Over 10,000 people have now signed a petition calling on the NFCC chair Mark Hardingham to withdraw the policy. The public are with firefighters on this issue; politicians and the fire and rescue sector must follow suit.

As our history demonstrates, we must organise and fight for our lives.

Wildfire failures ‘negligence driven by cuts’

A Major Incident Review by London Fire Brigade looking at its response to the July 2022 wildfires has confirmed that a shortage of crews and fire appliances hampered the response.

Firefighter shortages meant 39 fire engines were not available to help tackle the wildfires that burnt across London in July 2022, the review revealed. This caused “longer response times, an inability to resource specific incidents at the level requested by incident commanders and an inability to relieve operational colleagues at protracted incidents,” the review stated.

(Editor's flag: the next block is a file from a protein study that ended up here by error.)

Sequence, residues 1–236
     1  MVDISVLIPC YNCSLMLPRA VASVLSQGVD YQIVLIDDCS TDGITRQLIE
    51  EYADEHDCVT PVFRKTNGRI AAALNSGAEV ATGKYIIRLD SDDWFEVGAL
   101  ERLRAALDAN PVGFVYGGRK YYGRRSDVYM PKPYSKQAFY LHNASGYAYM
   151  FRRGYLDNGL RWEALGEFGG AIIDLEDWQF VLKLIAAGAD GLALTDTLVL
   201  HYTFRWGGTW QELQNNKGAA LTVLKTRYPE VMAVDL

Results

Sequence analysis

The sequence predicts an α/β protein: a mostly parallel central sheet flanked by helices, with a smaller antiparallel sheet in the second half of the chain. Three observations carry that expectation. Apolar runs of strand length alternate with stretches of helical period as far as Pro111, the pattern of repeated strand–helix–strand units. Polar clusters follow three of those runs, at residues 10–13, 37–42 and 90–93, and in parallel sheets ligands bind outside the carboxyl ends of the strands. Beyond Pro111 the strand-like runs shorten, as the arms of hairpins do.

But the review, published in July 2023, added that, given the unprecedented demands of the day, even if the brigade had the extra 39 appliances there would still have been difficulty in resourcing the fires and relieving crews.

The fires saw 16 homes in Wennington, Havering, destroyed in one of the blazes on 19 July 2022.

Since 2010, around one in five firefighter jobs have been cut, while the risk of extreme weather events has been on the rise.

Commenting on the review findings, FBU general secretary Matt Wrack said: “The profit demands of big business and the inaction of government are driving a climate crisis, and last year’s wildfires demonstrated how ill-prepared we are to meet it.